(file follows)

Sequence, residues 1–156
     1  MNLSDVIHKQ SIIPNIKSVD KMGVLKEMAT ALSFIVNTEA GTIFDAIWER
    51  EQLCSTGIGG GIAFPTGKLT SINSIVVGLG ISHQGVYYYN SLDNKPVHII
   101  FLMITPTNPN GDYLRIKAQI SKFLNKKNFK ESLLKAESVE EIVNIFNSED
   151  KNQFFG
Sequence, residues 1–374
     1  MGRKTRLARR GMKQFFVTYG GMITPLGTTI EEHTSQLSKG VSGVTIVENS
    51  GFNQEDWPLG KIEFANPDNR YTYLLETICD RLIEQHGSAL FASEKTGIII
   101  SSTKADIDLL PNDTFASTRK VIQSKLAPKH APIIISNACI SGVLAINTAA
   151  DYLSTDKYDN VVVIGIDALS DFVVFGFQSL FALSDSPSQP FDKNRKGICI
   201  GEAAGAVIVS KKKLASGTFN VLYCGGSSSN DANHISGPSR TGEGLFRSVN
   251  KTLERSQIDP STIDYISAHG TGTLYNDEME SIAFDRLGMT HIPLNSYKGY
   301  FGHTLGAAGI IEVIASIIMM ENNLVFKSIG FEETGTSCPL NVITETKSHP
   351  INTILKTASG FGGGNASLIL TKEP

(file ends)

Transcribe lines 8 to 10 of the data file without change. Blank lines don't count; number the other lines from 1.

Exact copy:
    51  GFNQEDWPLG KIEFANPDNR YTYLLETICD RLIEQHGSAL FASEKTGIII
   101  SSTKADIDLL PNDTFASTRK VIQSKLAPKH APIIISNACI SGVLAINTAA
   151  DYLSTDKYDN VVVIGIDALS DFVVFGFQSL FALSDSPSQP FDKNRKGICI